Disney Earnings Beat, but Revenue Is Light
Walt Disney reported quarterly earnings that beat Wall Street's expectations as revenue at its parks and resorts grew, but revenue still came up short of analysts' forecasts on Tuesday.
After the earnings announcement, the entertainment company's shares fell slightly in trading after the closing bell. (Click here to get the latest quotes for Disney.)
Net income rose 24 percent to $1.83 billion from $1.48 billion last year.
The company posted fiscal third-quarter earnings excluding items of $1.01 per share, up from 78 cents a share in the year-earlier period.
Revenue rose 4 percent to $11.09 billion from $10.68 billion a year ago.
Analysts had expected the company to report earnings excluding items of 93 cents a share on $11.31 billion in revenue, according to a consensus estimate from Thomson Reuters.
Driven by Disney's superhero movie "The Avengers," which has made more than $1.4 billion worldwide, studio income increased to $313 million from $49 million a year earlier.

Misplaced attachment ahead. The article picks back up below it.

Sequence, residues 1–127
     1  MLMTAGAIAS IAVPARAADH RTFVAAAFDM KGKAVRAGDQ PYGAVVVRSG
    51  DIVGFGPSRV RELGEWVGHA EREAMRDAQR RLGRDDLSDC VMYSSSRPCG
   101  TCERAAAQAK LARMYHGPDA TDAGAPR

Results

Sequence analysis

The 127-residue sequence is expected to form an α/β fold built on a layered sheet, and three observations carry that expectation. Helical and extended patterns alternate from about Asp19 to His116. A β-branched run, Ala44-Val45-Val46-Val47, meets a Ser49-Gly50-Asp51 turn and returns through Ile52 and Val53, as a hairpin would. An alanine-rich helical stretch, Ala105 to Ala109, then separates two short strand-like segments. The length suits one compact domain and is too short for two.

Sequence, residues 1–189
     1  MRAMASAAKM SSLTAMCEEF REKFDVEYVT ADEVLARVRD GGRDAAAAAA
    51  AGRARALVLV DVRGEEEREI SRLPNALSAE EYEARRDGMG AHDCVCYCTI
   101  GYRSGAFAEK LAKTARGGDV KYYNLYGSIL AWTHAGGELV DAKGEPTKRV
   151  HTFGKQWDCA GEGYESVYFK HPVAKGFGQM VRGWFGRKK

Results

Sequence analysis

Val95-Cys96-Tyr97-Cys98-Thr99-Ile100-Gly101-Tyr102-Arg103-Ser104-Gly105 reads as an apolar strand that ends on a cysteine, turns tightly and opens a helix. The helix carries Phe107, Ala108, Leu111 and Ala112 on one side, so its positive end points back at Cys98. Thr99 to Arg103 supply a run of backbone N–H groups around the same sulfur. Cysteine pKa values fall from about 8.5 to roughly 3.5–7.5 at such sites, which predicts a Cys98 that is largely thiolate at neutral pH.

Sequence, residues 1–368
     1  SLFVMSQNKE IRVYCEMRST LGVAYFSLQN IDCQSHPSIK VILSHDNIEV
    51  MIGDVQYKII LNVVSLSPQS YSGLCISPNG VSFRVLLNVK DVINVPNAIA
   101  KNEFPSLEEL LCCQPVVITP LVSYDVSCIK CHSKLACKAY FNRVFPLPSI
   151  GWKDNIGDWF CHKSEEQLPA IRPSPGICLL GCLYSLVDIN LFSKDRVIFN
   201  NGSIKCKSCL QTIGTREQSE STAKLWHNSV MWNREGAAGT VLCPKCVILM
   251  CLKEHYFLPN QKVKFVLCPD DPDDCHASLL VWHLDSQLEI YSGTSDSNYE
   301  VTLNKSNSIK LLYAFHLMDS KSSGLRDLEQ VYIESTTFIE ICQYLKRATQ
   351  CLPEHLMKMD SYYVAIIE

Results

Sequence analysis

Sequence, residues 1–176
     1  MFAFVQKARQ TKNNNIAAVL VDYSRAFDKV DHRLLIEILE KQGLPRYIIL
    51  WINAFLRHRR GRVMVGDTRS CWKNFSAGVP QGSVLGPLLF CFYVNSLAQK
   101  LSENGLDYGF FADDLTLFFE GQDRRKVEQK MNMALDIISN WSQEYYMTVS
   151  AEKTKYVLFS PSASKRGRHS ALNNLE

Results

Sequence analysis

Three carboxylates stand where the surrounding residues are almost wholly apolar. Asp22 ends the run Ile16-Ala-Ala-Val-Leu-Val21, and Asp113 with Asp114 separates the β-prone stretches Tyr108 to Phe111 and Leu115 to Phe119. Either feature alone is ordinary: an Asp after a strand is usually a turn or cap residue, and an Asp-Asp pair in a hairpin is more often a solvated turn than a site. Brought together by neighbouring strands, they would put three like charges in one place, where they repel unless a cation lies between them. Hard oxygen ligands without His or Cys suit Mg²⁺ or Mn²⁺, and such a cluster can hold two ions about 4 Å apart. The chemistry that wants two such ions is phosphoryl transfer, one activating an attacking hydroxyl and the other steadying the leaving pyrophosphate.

The studio results offset a decline in earnings at ESPN's powerhouse ESPN network, which the company said was due to the timing of deferred affiliate fees. Overall its cable TV unit, the company's largest, increased by 1 percent to $1.86 billion.
Earnings at theme parks rose 21 percent, the result of increases at its Tokyo theme park, where the company collects management and other fees, and which was impacted in the year earlier quarter by a temporary suspension of operations following the March 2011 earthquake.
“The consumer is still flocking to productions they deem valuable and good, so we’ve not had a problem attracting them to our parks and resorts,” Disney CEO Robert Iger told CNBC. “And when they go, their spending is up nicely from a year ago.”
“As we look into the future, we see a relative strong environment for raising subscription fees for the channels we have,” Iger added.
Before the company's release, Peter Costa, Empire Executions president, commented on what Disney's performance may say about the broader U.S. economy.
“When Disney is doing well and theme park revenues are up, obviously people are spending more money," Costa told CNBC. "That’s almost better than some of the consumer sentiment data. This is a very powerful stock."
In a conference call following the earnings report, Iger said Disney plans to bring a Marvel television show developed by "Avengers" director Joss Whedon to the ABC broadcast network.
Disney just signed an exclusive deal with Whedon to write and direct an "Avengers" movie sequel and to help develop a "Marvel-based series for ABC," Iger told analysts on a conference call following the company's earnings report.